Exploration of historical factors involved in the use and abuse of drugs. Theoretical accounts of the use and abuse of drugs will also be explored.
Drug use and abuse is an unavoidable aspect of today’s world. Ideas, theories, and policy around drug use and abuse are a function of changing social and political systems throughout history. The objective of this paper is to explore the history of drug use throughout different world societies and cultures. We will also discuss and critique a range of theories of drug abuse, as well as social and political factors that have shaped theories of drug addiction and drug policy. Being literate in this area will allow students to better evaluate and critique the social and political response to this difficult issue, and will assist in making informed decisions and engaging in policy discussions and advocacy.
|Paper title||History and Theory of Drug Use and Abuse|
|Teaching period||Not offered in 2020|
|Domestic Tuition Fees (NZD)||$666.57|
|International Tuition Fees (NZD)||$2,895.09|
- PSYC 476
Entry into Psychology 400-level normally requires a major in Psychology, a B+ average or higher in Psychology 300-level papers, and a pass in PSYC 311 Quantitative Methods. We highly recommend that students have completed PSYC 310. Students from other universities must show evidence of an equivalent level of competence.
For Neuroscience students, the prerequisites are met by completion of the requirements for a BSc in Neuroscience with an average grade of at least B+ in 300-level Neuroscience papers.
Dr Ryan Ward email@example.com
- More information link
- Teaching staff
Dr Ryan Ward
- Paper Structure
The paper consists of lectures, in class exercises, and class discussions. Class meetings – consisting of lectures, discussions, and in class work, will be held once a week.
- Teaching Arrangements
Not offered in 2019.
To be advised
- Course outline
The paper consists of lectures, in-class exercises, and class discussions.
Lecture topics include:
- History of drugs in New Zealand
- History of drugs in the western world
- History of drugs in Asia
- Disease models of addiction
- Choice models of addiction
- Biopsychosocial models of addiction
- Experiential/Environmental models of addiction
- Treatment approaches for drug abuse
- The war on drugs
- Social and political factors in drug policy
In class exercises – these will be intended to engage the students in preparation for the course, and to help them participate in the day’s class. Exercises may include but not be limited to:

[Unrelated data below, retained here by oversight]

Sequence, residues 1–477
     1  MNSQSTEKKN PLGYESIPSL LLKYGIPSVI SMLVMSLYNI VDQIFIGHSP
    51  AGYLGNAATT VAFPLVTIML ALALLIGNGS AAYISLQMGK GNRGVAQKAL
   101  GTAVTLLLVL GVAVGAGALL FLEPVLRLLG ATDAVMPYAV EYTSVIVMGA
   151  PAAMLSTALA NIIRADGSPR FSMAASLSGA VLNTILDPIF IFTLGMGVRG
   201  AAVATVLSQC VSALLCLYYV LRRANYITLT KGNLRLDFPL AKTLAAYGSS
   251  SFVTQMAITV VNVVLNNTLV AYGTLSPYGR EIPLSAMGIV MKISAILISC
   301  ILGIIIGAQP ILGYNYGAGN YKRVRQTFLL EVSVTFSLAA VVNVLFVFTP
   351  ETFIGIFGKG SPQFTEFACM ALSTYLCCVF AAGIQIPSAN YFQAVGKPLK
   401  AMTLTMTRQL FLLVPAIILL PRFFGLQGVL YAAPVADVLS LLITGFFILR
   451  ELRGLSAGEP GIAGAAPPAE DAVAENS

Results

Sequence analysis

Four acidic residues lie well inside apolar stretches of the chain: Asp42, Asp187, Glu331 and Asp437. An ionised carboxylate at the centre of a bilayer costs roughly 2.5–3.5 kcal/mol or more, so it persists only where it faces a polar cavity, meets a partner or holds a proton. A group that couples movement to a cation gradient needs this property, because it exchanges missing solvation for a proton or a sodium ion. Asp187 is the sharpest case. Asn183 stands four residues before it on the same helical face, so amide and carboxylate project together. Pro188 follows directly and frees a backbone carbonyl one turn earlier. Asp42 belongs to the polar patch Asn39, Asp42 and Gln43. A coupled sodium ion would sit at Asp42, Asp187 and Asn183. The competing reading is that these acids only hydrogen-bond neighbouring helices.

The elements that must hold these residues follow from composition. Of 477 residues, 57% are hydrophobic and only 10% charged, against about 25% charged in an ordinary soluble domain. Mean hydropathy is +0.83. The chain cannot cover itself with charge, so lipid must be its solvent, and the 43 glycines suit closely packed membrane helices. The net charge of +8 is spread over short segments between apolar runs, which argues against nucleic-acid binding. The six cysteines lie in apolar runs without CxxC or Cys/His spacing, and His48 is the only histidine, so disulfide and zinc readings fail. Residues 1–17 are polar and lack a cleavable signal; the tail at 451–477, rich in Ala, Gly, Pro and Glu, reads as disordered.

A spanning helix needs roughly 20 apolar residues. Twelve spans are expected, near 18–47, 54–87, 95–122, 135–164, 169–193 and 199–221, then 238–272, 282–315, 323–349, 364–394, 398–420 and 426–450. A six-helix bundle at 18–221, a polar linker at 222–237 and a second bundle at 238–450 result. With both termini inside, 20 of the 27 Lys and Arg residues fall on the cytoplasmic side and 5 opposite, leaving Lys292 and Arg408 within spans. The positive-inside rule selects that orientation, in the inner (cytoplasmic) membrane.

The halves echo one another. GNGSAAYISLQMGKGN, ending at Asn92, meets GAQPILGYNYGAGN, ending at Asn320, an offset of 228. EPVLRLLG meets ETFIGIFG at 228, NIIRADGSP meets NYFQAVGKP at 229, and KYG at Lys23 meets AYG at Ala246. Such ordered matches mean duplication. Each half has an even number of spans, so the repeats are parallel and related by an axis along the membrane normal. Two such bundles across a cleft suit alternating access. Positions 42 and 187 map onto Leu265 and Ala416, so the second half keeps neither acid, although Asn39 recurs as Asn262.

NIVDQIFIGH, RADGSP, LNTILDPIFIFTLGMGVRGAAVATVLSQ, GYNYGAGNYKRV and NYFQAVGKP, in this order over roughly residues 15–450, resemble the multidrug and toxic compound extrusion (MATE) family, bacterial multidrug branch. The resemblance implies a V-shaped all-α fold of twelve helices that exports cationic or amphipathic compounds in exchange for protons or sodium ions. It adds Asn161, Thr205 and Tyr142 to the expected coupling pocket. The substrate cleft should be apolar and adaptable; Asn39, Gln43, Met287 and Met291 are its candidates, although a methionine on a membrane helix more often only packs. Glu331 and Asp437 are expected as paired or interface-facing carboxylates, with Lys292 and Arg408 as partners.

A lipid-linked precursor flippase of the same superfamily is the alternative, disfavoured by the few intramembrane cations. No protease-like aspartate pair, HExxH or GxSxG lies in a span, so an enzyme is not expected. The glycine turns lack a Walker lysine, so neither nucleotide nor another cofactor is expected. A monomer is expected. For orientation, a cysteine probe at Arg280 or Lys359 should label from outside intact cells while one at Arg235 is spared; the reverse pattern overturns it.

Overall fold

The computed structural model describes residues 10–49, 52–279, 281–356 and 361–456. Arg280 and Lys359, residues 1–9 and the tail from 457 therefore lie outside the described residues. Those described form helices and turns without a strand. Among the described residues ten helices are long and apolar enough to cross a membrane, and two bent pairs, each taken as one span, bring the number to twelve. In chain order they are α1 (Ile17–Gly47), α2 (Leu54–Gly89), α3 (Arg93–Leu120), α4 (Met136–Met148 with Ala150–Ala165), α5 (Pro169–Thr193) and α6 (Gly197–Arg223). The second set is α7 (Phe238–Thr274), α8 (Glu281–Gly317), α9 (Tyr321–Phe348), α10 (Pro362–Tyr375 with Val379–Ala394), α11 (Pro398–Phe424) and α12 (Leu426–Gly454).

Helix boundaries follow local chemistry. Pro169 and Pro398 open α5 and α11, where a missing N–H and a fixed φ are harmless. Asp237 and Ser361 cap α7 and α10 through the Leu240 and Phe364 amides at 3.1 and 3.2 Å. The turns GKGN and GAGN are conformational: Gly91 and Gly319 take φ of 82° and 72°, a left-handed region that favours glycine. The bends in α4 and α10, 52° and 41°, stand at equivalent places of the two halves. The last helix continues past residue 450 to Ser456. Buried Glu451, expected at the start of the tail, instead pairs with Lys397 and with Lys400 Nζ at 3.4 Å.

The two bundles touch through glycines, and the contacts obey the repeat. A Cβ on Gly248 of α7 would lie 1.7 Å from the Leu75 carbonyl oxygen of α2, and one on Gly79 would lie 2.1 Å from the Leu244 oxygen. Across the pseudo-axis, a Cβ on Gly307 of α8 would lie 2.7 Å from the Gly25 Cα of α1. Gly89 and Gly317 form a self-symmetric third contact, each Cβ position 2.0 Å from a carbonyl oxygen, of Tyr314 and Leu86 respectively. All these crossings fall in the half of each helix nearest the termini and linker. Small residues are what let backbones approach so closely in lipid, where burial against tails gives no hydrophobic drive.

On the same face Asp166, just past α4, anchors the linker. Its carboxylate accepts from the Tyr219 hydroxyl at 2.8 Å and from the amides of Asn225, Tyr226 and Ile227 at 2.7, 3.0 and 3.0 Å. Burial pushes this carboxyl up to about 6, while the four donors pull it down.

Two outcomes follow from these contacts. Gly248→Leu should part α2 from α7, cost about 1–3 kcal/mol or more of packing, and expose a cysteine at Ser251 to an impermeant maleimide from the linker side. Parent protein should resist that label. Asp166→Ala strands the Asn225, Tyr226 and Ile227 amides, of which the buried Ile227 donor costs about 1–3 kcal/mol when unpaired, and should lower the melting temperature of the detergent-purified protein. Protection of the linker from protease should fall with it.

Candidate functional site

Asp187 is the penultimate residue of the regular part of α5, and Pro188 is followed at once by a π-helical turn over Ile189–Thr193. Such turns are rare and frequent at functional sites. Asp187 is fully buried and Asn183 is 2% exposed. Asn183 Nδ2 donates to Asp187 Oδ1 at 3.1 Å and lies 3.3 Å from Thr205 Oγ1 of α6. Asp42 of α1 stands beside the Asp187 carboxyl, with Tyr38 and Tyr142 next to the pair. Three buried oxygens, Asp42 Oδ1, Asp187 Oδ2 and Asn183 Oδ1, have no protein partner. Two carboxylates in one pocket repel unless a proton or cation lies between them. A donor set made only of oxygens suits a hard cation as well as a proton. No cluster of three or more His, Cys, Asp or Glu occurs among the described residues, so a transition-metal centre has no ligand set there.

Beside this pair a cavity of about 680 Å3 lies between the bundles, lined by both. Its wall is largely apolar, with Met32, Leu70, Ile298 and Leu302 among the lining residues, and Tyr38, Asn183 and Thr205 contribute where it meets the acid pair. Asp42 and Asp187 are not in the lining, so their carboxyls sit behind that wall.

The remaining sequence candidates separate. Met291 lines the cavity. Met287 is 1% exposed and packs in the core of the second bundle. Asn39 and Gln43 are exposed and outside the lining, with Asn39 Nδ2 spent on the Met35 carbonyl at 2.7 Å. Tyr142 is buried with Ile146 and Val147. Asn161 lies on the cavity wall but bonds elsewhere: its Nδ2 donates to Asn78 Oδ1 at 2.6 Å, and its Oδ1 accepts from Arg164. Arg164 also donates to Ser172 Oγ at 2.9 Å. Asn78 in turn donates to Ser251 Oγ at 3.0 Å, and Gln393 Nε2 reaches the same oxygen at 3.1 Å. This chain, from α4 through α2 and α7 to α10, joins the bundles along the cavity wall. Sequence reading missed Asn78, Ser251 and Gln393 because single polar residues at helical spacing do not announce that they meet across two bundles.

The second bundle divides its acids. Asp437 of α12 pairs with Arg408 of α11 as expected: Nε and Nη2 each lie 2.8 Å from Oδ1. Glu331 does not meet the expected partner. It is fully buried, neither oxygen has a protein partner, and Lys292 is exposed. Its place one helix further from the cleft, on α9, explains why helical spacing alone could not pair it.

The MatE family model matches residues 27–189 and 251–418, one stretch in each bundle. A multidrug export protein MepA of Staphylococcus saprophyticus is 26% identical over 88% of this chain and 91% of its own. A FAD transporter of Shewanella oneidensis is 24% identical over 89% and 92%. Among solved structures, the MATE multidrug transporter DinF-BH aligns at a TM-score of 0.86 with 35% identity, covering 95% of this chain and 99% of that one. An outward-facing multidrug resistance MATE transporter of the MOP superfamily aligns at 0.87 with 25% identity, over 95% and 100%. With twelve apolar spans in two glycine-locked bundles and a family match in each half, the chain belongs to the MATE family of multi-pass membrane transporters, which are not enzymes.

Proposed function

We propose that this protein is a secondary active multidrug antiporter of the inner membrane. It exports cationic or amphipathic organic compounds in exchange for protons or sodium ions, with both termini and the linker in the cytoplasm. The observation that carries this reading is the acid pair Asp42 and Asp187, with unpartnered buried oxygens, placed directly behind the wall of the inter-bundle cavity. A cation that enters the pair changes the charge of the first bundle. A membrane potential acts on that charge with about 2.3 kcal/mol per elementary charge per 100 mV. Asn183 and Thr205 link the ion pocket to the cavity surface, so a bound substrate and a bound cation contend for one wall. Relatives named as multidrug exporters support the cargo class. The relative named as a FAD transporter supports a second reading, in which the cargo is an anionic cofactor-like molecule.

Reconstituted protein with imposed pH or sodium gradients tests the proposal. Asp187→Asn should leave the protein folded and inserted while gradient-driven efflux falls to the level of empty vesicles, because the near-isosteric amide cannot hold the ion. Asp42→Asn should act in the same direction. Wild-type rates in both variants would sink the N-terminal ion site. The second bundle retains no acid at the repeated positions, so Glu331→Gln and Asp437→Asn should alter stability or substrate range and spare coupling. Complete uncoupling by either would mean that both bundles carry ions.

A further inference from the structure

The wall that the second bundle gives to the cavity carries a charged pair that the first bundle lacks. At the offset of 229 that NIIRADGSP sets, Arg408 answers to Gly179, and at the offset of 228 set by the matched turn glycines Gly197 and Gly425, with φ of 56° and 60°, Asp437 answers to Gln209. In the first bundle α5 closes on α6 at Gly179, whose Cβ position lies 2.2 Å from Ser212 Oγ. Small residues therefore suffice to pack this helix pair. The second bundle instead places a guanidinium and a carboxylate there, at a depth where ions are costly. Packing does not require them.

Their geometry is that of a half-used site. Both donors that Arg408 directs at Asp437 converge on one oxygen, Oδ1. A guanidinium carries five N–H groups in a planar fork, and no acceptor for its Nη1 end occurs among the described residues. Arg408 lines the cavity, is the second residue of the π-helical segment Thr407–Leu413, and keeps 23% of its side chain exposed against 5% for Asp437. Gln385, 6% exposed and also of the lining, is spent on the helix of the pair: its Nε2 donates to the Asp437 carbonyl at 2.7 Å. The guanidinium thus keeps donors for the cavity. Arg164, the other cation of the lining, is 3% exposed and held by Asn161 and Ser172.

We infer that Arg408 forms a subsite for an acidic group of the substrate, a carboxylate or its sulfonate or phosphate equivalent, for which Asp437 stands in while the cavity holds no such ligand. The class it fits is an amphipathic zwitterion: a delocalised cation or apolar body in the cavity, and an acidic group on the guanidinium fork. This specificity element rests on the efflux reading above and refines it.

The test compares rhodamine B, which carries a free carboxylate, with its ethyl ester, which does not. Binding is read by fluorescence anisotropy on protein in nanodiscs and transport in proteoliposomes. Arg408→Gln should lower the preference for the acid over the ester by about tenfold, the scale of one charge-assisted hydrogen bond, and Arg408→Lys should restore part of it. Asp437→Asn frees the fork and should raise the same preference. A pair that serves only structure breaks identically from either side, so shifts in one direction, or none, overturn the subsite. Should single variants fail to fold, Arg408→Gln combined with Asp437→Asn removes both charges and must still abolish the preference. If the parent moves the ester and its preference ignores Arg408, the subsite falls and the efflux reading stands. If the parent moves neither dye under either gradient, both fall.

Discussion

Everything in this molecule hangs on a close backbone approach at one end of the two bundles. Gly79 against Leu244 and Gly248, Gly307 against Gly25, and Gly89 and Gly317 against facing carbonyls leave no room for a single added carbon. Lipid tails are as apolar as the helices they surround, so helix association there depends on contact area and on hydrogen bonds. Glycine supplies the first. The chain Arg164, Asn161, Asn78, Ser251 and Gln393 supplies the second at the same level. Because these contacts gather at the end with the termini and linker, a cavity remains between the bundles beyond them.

- Mini paper: Students are asked to take out a piece of paper and write as much as they know about a given topic.
- Worst/Best: Students are asked to take out a piece of paper and to write what aspects of the lecture they understood the worst/best. They are then invited to turn to the student next to them and share their answers and explain the points of confusion to clarify for one another.
- Pop quiz: Students are given a quiz on the days reading material before class.
- Take a side: Students must argue either for or against a position on a particular topic of relevance to the day’s lecture
Analysis piece - The purpose of this assignment is to allow students to explore an issue related to models of drug abuse in more detail. Specifically, they will read opposing viewpoints on several different models of addiction, compare and contrast these viewpoints, and synthesize the information to come to their own conclusions.
In-class exercises 5%
Analysis piece 15%
Final Exam 50%
- Graduate Attributes Emphasised
- Scholarship, Communication, Critical thinking, Information literacy, Research, Self-motivation.
View more information about Otago's graduate attributes.
- Learning Outcomes
- Understand how different cultures and societies have used drugs throughout history
- Understand the differences between models of drug abuse
- Understand how social and political factors have shaped and influenced drug policy and the “War on Drugs”
- Research several different models of drug abuse, provide a written evaluation that compares and contrasts those models, and give an opinion on which models are best supported by empirical research